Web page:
Iconised as, “India’s best Congress Prime Minister”, Pamulaparti Venkata Narasimha Rao, fondly called PV, born as June 28th 1921 in Vangara village of Karimnagar district of Telangana, is the first Telugu Prime Minister of India. Fondly remembered as the architect of the modern economic reforms that transformed the country and ended the Nehruvian socialism, his legacy is still debated. Torn between the disagreements of right and left, blamed for Capitalism and Communalism by the Marxists, his illustrious contributions which were largely undermined are now explored and deeply analysed. The new waves of revivalism that changed the ideological contours of India in 2014 had indeed augured a new enthusiasm among the hagiographers who are trying to resurrect his legacy.
Having spent his childhood in a region which is touched by several linguistic cultures-Telugu, Hindi, Marathi, Kannada, Oriya, Urdu and Persian he naturally picked up these languages. Polyglot PV knew 17 languages. He served as chairman of Telugu academy and translated, Kavi Samraat Vishwanath Satyanarayana’s popular work Veyipadagalu into Hindi Saharaphan. He also translated Hari Narayan Apte’s Marathi novel Pan Lakshat Kon Gheto into Telugu.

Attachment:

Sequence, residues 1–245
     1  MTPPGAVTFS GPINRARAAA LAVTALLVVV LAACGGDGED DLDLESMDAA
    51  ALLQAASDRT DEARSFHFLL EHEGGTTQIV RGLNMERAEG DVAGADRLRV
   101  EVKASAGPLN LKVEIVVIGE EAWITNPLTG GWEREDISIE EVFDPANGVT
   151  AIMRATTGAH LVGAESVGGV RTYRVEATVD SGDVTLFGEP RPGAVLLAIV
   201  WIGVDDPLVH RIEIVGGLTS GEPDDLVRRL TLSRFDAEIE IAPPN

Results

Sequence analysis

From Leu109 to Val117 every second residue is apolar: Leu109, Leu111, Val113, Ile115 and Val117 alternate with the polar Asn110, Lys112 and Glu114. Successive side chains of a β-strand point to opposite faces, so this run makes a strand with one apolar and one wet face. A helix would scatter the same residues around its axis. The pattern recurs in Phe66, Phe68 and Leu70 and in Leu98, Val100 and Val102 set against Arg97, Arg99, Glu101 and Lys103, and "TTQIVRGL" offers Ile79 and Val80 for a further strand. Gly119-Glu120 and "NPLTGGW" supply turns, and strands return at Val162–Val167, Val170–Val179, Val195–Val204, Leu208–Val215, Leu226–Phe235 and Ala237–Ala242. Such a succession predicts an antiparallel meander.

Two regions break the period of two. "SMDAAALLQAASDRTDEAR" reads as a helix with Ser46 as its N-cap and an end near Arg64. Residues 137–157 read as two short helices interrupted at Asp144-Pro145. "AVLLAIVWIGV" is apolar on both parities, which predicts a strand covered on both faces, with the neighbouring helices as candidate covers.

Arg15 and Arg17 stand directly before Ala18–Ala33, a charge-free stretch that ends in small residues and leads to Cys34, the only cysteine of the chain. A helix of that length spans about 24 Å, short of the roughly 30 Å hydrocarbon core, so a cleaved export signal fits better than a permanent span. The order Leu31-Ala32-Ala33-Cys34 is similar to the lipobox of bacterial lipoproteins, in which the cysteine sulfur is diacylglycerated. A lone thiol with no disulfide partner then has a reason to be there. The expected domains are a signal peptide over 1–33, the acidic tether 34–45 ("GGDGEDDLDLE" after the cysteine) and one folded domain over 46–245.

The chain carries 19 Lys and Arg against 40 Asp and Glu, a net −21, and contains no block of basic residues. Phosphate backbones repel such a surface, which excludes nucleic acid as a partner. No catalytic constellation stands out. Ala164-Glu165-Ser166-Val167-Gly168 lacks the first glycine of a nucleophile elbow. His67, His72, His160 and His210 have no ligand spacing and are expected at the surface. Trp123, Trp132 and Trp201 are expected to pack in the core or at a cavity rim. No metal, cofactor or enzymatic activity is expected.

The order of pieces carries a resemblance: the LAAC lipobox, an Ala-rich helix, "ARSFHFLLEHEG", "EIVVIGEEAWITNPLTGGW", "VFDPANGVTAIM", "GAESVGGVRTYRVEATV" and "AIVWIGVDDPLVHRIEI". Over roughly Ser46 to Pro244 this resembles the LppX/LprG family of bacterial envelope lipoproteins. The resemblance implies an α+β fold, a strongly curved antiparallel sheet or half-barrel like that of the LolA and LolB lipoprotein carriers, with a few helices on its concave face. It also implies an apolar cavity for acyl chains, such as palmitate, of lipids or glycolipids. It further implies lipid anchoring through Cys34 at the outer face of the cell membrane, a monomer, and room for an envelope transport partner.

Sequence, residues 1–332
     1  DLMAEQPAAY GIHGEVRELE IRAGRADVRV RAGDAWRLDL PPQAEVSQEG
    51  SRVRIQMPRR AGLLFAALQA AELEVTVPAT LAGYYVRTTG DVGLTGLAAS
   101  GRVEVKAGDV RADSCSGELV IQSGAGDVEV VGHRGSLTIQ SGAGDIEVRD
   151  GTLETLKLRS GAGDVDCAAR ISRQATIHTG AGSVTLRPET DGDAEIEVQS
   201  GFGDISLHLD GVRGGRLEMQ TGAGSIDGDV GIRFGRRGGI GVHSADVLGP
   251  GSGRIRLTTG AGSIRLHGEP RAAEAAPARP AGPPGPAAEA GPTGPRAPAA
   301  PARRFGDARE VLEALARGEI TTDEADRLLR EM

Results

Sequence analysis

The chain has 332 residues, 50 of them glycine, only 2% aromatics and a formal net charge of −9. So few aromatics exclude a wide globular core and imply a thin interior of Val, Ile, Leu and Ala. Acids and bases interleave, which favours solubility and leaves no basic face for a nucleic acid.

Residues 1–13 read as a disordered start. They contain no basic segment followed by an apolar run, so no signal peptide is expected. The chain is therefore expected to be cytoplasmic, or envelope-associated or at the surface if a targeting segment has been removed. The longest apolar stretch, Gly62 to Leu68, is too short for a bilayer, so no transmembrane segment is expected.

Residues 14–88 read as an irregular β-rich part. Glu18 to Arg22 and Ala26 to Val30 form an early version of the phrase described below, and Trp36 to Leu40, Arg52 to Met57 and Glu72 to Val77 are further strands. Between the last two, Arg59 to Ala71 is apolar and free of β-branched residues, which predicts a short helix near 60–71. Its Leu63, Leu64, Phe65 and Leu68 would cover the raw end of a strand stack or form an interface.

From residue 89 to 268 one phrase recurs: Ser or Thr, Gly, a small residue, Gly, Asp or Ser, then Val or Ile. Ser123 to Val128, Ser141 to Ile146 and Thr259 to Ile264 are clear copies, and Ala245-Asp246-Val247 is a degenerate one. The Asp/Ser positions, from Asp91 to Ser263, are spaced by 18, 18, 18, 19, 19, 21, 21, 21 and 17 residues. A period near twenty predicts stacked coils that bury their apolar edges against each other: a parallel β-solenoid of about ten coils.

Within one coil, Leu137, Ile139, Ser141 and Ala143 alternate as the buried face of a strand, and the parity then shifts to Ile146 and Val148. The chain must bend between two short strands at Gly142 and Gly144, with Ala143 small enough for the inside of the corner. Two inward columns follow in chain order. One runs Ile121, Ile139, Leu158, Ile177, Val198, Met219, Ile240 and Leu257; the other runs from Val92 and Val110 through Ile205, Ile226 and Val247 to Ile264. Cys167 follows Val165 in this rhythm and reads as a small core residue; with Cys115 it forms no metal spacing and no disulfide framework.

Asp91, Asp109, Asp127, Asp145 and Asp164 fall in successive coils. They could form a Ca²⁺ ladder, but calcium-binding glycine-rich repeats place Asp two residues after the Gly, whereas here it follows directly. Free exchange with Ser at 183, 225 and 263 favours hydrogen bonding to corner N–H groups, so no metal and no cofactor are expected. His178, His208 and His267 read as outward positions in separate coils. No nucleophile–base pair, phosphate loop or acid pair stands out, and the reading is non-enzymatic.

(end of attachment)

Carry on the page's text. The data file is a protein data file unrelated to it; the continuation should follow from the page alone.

PV’s tryst with the freedom movement began when he was 17. PV along with 300 students participated in the 1938 Satyagraha, sang “Vandemataram”. He was banned by the Nizam and faced expulsion from the college. With help of some nationalists, PV obtained admission in Fergusson College, Pune and completed Master’s Degree in Law. While India became independent in 1947, PV actively worked under Swami Ramananda Tirtha for the liberation of the Princely state of Hyderabad. Ramananda Tirtha has been a formidable influence on PV. After the successful annexation of Hyderabad, PV chose politics as his career. Around the same time Indian National Congress had also transformed as a political party.